With all those possibilities, its easy to see how youth engagement starts at home. The elements of our family life determine how we engage with the world beyond our front door, including at school, in our communities, at work, in public, and everywhere else. If youth experience crappy engagement at home, youth are more likely to be disengaged in their lives – not always, all the time, but often in many ways.
Through my research and practice, I’ve found there are three things all parents can do to build youth engagement at home:
Listen to youth. Your offspring are yearning to be heard, no matter what age, what space and what condition your family is in. They might not show that desire, they might act the opposite of caring, and they might not be aware they have a voice—but they want to be heard.
Take action with youth. Don’t stop at listening to your kids—actually do things with them! Make, build, clean, connect and show your care and connection by being with youth directly, in each others’ spaces and sharing each others’ time.
Think about it. Youth engagement at home requires critical thinking about yourself, your parenting, your beliefs and your future. Is this how you want youth to live? Are these the things you want to do in your family? Be critical of your parenting and take action to change it.
As parents, we all screw up. The difference between the conscious parent and the unthinking parent is the energy they spend becoming more fair, just and equitable. We don’t want equality between youth and parents, we want equity. There’s a difference, and youth engagement at home makes us think about it.
I’m a dad for four kids between the ages of 10 and 15. They are beautiful, strong-hearted kids full of all the challenge, vigor, suffering and joy of youth, and I love them. However, I screw up too, and I’ve learned to accept that. I learn a lot from my experience as a parent.
If you’ve followed me for a while, you’ve heard the tenants of my life: Childhood homelessness; family PTSD; Vietnam veteran father; poverty-stricken family that moved into low-income lifestyle; generational depression; minority neighborhood background; academic struggles; found my soulcraft at age 14; only kid in family to graduate high school on time; first in family to earn a bachelors degree; built my life’s work from The Freechild Project and SoundOut focused on youth engagement and Meaningful Student Involvement; wrote 50+ publications; spoke and taught and consulted around the world; still screwing up every day.
Throughout 2018, I’ve been facilitating the Parent-Youth Connections Seminar in King County, Washington, where Seattle is surrounded by suburbs, exurbs and more in all of its explosive boom-era angst and glory. Along the way, the community has chosen to investments on infants, children and youth throughout the county. One of these investments is through the King County Superior Courts, and its the program I’m facilitating.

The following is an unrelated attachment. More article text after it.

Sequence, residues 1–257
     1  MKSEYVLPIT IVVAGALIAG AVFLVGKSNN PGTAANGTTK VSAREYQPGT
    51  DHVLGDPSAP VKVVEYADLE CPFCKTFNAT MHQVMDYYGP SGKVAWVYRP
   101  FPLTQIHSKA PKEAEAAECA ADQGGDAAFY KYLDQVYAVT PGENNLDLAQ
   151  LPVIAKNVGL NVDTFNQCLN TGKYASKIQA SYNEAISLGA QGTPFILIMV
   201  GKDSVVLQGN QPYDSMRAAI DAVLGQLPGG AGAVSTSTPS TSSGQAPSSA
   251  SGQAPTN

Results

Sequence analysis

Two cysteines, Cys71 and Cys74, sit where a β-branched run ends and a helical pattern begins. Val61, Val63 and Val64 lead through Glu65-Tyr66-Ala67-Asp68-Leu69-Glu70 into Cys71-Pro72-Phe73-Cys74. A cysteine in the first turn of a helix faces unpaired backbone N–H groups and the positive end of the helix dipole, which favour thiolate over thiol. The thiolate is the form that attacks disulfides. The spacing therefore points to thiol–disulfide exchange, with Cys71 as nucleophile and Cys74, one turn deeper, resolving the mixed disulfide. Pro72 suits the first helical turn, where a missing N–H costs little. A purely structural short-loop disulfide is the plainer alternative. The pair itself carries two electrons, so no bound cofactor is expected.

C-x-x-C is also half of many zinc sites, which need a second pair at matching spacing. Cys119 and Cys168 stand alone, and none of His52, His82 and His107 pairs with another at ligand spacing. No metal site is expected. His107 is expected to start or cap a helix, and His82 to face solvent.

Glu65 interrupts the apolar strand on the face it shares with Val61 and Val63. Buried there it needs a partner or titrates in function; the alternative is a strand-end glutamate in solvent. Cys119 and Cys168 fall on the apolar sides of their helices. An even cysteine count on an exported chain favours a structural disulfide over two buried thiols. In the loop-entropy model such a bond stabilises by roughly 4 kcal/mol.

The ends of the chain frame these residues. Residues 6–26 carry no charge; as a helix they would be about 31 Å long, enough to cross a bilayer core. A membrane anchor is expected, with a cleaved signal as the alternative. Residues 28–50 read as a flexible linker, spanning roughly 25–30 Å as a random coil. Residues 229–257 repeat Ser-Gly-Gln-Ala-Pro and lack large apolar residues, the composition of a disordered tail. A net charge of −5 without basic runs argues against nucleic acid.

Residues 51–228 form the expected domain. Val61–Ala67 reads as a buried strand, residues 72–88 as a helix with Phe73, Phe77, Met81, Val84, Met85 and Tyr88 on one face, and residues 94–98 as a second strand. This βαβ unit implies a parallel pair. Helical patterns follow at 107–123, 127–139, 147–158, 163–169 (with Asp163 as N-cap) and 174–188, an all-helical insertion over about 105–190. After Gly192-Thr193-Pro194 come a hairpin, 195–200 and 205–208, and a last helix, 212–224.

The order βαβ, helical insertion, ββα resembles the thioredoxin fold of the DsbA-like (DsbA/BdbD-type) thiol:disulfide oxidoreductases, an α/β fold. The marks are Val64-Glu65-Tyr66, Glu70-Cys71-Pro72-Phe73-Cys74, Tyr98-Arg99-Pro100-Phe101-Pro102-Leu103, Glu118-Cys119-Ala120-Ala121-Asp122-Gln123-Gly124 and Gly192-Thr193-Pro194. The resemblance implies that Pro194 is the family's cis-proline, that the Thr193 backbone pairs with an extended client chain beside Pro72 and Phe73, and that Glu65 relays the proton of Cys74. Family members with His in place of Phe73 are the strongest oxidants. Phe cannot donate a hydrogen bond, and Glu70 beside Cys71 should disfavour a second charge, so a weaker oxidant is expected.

For several years, the project taught parents and youth about youth development and adolescent brain development as a diversion to prevent youth incarceration. A successful project, it operated for several years and successfully kept a lot of young people out of jail.
Early this year, I was contracted to facilitate the program. In my initial contact with the courts, I explained that rather than taking the tact they’d traditionally espoused, I was going to veer toward youth engagement. These are some of my findings so far. There’ve been more than 100 participants in these 12-hour sessions so far, coming from a variety of racial, ethnic, cultural, linguistic and economic backgrounds.
Stay tuned as I learn more and start distilling all this into actionable change. My first product related to youth engagement at home is called the Parent Youth Engagement Seminar, and I’ll be launching it soon.
From 2009 to 2013, Adam consulted the American Institutes for Research (AIR) Technical Assistance Program focused on youth involvement in systems of care. Supported by SAMSHA, this project was designed by AIR to provide nationwide support for youth in foster care as they became systems advocates for transforming, sustaining and advocating change in their lives and the lives of those who came after them.